September 20, 2023

Jeffrey Epstein was invited to editorial meetings with Scientific American’s top editor, email records show

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Jeffrey Epstein visited Cambridge, Massachusetts, in 2004.Rick Friedman Photography/Corbis via Getty Images

  • Jeffrey Epstein was invited to editorial meetings at Scientific American.

  • Email records show that he had two meetings with the magazine in September 2014.

  • Mariette DiChristina, the magazine’s editor-in-chief at the time, told Insider he was not attending.

Jeffrey Epstein was invited to editorial meetings with Mariette DiChristina when she was the editor-in-chief of Scientific American magazine, according to scheduling emails obtained by Insider.

The emails between Epstein and one of his associates, Lesley Groff, show her arranging the now-deceased pedophile financier’s schedule for the month of September 2014. Epstein had the opportunity to attend editorial meetings on September 22 and 29.

“10:30-11:30 a.m. Mariette DiChristina to hold her editorial meeting to discuss story ideas (WANT TO PARTICIPATE? She will be at this meeting),” Groff wrote in one such email.

DiChristina, now the dean of the College of Communication at Boston University, told Insider in an email that Epstein “never attended an editorial meeting at Scientific American.”

She said Epstein was interested in learning how the journal identified scientific research for potential coverage, assuming he could use the same strategies to discover new research for funding.

“During my tenure at Scientific American, it was not unusual for educators, students, investors, policy leaders, editors and publishers, and others to take an interest in the journal’s editorial process, and we received visitors from time to time,” she said.

A Scientific American representative did not immediately respond to a request for comment.

The emails between Groff and Epstein show different versions of his schedule for the month of September 2014.

Some versions of his September 22, 2014 schedule show a busy day after the 10:30 a.m. editorial meeting, including a lunch afterwards with then Harvard University Psychology Department Chair Stephen Kosslyn talking with former Treasury Secretary Larry Summers in the afternoon, and watch the Denzel Washington thriller “The Equalizer” in the evening.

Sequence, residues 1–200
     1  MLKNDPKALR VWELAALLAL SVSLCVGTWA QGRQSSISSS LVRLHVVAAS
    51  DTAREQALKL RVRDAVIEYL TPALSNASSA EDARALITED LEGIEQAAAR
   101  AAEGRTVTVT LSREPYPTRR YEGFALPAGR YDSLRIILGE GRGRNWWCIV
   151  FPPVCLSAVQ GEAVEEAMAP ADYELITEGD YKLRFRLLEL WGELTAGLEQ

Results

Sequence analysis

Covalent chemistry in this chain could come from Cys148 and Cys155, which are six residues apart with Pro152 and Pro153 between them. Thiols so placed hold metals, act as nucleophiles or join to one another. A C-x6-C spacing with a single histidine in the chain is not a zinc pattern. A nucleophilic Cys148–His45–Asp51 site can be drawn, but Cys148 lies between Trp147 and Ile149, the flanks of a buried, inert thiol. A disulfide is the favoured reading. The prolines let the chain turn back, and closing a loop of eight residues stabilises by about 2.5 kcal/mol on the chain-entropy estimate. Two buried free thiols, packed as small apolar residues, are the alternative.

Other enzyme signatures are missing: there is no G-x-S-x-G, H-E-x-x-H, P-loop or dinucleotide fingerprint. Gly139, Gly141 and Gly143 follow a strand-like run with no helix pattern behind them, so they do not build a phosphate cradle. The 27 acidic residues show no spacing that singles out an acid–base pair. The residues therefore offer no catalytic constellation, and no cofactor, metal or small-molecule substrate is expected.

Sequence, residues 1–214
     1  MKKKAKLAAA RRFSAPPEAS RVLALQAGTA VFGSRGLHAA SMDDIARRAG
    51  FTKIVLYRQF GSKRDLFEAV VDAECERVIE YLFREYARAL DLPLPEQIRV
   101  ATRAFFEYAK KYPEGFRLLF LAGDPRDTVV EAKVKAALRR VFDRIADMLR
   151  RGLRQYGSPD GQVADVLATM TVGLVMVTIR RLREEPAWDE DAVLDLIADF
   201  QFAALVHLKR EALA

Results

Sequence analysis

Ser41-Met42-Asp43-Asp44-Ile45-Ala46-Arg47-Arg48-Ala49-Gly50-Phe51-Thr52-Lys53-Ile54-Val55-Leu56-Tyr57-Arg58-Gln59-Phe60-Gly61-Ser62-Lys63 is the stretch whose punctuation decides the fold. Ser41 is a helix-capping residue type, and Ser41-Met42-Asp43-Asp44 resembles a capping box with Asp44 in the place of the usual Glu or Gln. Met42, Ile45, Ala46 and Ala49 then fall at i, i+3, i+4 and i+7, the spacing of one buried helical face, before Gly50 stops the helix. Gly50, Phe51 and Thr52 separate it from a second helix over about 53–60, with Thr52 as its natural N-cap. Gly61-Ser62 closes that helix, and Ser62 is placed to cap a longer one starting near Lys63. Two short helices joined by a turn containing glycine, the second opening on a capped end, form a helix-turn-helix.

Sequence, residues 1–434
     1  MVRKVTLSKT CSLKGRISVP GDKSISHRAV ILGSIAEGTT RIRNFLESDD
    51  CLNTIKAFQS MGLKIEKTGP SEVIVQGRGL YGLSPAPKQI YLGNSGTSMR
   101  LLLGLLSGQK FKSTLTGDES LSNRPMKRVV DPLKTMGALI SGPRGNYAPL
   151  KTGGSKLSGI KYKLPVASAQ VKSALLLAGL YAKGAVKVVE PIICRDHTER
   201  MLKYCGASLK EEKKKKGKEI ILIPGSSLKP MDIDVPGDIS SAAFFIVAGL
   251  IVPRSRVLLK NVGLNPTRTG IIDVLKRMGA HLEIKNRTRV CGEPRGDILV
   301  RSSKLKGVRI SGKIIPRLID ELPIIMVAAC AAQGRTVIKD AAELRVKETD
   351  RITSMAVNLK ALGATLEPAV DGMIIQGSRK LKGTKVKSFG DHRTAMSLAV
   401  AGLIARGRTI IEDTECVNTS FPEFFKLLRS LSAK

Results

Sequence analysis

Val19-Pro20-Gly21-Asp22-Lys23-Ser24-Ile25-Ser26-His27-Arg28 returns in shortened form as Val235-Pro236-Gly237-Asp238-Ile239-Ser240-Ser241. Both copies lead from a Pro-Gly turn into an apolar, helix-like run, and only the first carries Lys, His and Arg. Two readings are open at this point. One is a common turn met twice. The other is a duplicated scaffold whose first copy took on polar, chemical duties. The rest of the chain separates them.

At various times, Epstein would be at his home in New York, Paris or his private island of Little Saint James in the U.S. Virgin Islands on the day of the Sept. 29 editorial meeting, also scheduled for 10:30 a.m.

At 11:30 that day, he was scheduled to attend a luncheon in front of the Dubin Breast Center at the Tisch Cancer Institute in Midtown Manhattan, which had been founded by his close friend Eva Andersson-Dubin. Epstein bought 50 seats at lunchtime, according to Groff’s emails.

Insider obtained the emails about the schedule through a request for information to the Office of the Attorney General of the US Virgin Islands. The firm settled a sex trafficking civil suit with Epstein’s estate in December and is currently embroiled in a separate lawsuit, set in Manhattan federal court, against JP Morgan Chase over the bank’s ties to Epstein.

Epstein died in 2019 in a Manhattan jail cell while awaiting trial on criminal charges of trafficking girls for sex. His victims and other witnesses at the trial of Epstein’s associate Ghislaine Maxwell often referred to Groff as a woman who arranged flights to his residences for women he raped, as well as appointments between them in Epstein’s “massage” rooms. In a 2005 New York Times story about personal assistants, Groff described himself as an extension of Epstein’s brain.

After a jury convicted Maxwell of trafficking girls to Epstein for sex, Groff’s lawyers told Insider in December 2021 that prosecutors said they would not press charges against her. Groff declined to comment on this story through an attorney.

Epstein’s connection to Scientific American shows his deep ties to science and technology research when he was alive. DiChristina led the magazine as editor-in-chief for ten years before moving to her current position at Boston University in August 2019, the same month Epstein died.

After Epstein’s death, Harvard University and the Massachusetts Institute of Technology both conducted internal investigations into his donations and ties to professors at the universities.

Epstein sought meetings with technology entrepreneurs and high-profile research scientists.

He told associates that he wanted to seed the human race with his DNA by impregnating women, a plan that seemed consistent with his transhumanist philosophy.

This story has been updated with additional comments from DiChristina.

Read the original article on Business Insider

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